In recent times, ‘burn-out’ has featured prominently in the media. Back in January, New Zealand Prime Minister, Jacinda Ardern, resigned declaring she ‘didn’t have enough left in the tank’, and now this week, Mark McGowan, stands down as West Australian Premier citing exhaustion as a key reason and that he is ‘tired, extremely tired’. At the same time, this past fortnight has seen two experienced senior AFL coaches step away from the game. Alastair Clarkson has taken indefinite leave to ‘focus on physical and emotional wellbeing’ and Damien Hardwick made the decision to resign stating it just ‘became too much’.
I think we can readily empathise with leaders (be it in politics, sport, religion, or business) feeling overwhelmed by the enormity of their jobs. The weight of responsibility, the constant levels of scrutiny, and the relentless mental and physical demands must at times feel like a long-term sentence that needs to be endured. I suggest, however, that feeling overwhelmed, or burnt-out, is not an experience for leaders alone. Unfortunately, it is a relatively common experience for people in all walks of life across a myriad of professional and personal roles. According to recent research, approximately 30% of workers will develop burnout at some stage of their work career, and similar rates are found in people who have demanding home care responsibilities. So, what can ‘we’ do?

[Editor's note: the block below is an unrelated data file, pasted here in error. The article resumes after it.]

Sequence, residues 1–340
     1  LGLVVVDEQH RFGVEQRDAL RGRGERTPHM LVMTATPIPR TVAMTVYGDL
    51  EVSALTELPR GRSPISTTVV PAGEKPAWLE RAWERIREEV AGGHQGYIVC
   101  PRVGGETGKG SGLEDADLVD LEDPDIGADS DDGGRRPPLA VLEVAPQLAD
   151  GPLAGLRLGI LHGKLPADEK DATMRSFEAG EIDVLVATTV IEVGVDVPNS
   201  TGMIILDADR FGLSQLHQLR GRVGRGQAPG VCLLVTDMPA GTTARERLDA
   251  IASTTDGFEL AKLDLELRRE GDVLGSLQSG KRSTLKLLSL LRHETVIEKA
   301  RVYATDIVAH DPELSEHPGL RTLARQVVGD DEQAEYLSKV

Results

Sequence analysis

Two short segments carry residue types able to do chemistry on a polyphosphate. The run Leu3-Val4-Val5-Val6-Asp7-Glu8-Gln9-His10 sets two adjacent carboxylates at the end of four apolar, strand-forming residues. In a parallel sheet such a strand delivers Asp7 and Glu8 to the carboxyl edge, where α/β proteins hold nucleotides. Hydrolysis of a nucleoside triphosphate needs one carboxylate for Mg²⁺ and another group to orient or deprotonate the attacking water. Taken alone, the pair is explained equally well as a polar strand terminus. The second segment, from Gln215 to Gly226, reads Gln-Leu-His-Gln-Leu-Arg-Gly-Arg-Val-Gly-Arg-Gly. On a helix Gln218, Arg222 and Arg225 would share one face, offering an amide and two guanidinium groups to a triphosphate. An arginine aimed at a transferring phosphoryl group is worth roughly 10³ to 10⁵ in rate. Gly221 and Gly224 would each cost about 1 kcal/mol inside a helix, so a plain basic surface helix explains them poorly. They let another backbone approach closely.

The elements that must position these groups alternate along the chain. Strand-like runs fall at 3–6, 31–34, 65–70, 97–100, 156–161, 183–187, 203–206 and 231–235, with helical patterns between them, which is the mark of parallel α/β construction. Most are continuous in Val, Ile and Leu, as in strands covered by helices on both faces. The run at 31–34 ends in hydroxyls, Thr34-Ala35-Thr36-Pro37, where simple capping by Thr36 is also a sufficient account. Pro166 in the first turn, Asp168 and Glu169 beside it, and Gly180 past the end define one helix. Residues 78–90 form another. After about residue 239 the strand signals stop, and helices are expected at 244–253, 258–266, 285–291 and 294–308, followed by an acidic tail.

For all of us, whether experiencing early signs of being overwhelmed or not, I recommend reading and researching the topic of burnout. A leading expert in this field is Australian psychiatrist, and founder of the Black Dog Institute, Professor Gordon Parker AO. A quick search will uncover a wide range of available resources from Gordon, including video clips, podcasts and his 2021 co-authored book titled ‘Burnout: A guide to identifying burnout and pathways to recovery’. Hopefully, within your research you uncover advice and strategies for managing excessive work demands. A key goal here is to recognise early signs of burnout and to proactively respond to such signals.
Personally, I have found my manifesto – my expression of who I am, what I stand for, and the direction I wish to take in life – to be incredibly helpful in demanding and challenging times. My current, unique, personal manifesto has an opening stanza which reads: ‘I actively seek to live a balanced life – where I am present, hands-on, supportive, and loving towards my wife, my children, my family, and my close friends.’ The inclusion of the phrase ‘balanced life’ guides many of my daily decisions.
I hope that through your own research, through talking to a trusted colleague or professional, and through expressing your personal manifesto that you are able to ‘see’ your signals of overwhelm as temporary and not a long-term sentence. Our love, hope, and best wishes goes out to anyone currently experiencing excessive work and/or personal demands.